One large effort to create a Japanese LLM is using the Japanese supercomputer Fugaku, one of the world’s fastest, training it mainly on Japanese-language input. Backed by the Tokyo Institute of Technology, Tohoku University, Fujitsu and the government-funded RIKEN group of research centres, the resulting LLM is expected to be released next year. It will join other open-source LLMs in making its code available to all users, unlike GPT-4 and other proprietary models. According to Sakaguchi, who is involved in the project, the team hopes to give it at least 30 billion parameters, which are values that influence its output and can serve as a yardstick for its size.
However, the Fugaku LLM might be succeded by an even larger one. Japan’s Ministry of Education, Culture, Sports, Science and Technology is funding the creation of a Japanese AI program tuned to scientific needs that will generate scientific hypotheses by learning from published research, speeding up identification of targets for enquiry. The model could start off at 100 billion parameters, which would be just over half the size of GPT-3, and would be expanded over time.
“We hope to dramatically accelerate the scientific research cycle and expand the search space,” Makoto Taiji, deputy director at RIKEN Center for Biosystems Dynamics Research, says of the project. The LLM could cost at least ¥30 billion (US$204 million) to develop and is expected to be publicly released in 2031.
Other Japanese companies are already commercializing, or planning to commercialize, their own LLM technologies. Supercomputer maker NEC began using its generative AI based on Japanese language in May, and claims it reduces the time required to create internal reports by 50% and internal software source code by 80%. In July, the company began offering customizable generative AI services to customers.
Masafumi Oyamada, senior principal researcher at NEC Data Science Laboratories, says that it can be used “in a wide range of industries, such as finance, transportation and logistics, distribution and manufacturing”. He adds that researchers could put it to work writing code, helping to write and edit papers and surveying existing published papers, among other tasks.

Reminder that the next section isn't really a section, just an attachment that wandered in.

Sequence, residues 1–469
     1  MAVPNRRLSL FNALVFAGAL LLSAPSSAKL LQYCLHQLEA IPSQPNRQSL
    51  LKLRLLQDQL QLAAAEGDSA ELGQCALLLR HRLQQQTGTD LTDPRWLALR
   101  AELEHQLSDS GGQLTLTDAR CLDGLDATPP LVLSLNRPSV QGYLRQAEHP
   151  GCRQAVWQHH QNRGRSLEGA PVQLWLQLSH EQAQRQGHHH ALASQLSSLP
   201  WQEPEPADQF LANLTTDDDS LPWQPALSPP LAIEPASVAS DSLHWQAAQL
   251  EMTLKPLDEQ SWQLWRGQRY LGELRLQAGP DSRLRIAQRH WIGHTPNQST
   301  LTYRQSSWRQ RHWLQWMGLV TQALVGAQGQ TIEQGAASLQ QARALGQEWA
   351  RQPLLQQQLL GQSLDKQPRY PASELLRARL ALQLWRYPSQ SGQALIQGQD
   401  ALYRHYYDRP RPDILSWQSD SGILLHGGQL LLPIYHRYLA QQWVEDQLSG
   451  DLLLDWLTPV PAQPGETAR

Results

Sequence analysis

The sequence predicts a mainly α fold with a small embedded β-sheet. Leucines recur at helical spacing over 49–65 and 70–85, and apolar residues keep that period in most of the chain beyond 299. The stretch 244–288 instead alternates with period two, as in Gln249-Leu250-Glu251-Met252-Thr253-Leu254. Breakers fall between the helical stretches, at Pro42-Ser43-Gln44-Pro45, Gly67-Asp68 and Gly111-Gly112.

Japanese telecommunications firm SoftBank, meanwhile, is investing some ¥20 billion into generative AI trained on Japanese text and plans to launch its own LLM next year. Softbank, which has 40 million customers and a partnership with OpenAI investor Microsoft, says it aims to help companies digitize their businesses and increase productivity. SoftBank expects that its LLM will be used by universities, research institutions and other organizations.
Meanwhile, Japanese researchers hope that a precise, effective and made-in-Japan AI chatbot could help to accelerate science and bridge the gap between Japan and the rest of the world.
“If a Japanese version of ChatGPT can be made accurate, it is expected to bring better results for people who want to learn Japanese or conduct research on Japan,” says Shotaro Kinoshita, a researcher in medical technology at the Keio University School of Medicine in Tokyo. “As a result, there may be a positive impact on international joint research.”
This article is reproduced with permission and was first published on September 14, 2023.
Tim Hornyak is a freelance science and technology journalist in Tokyo.

Sara Schonhardt and E&E News
Zeeya Merali and Nature magazine
Lauren Leffer
Nial Wheate, Jessica Pace and The Conversation US
Tim Hornyak and Nature magazine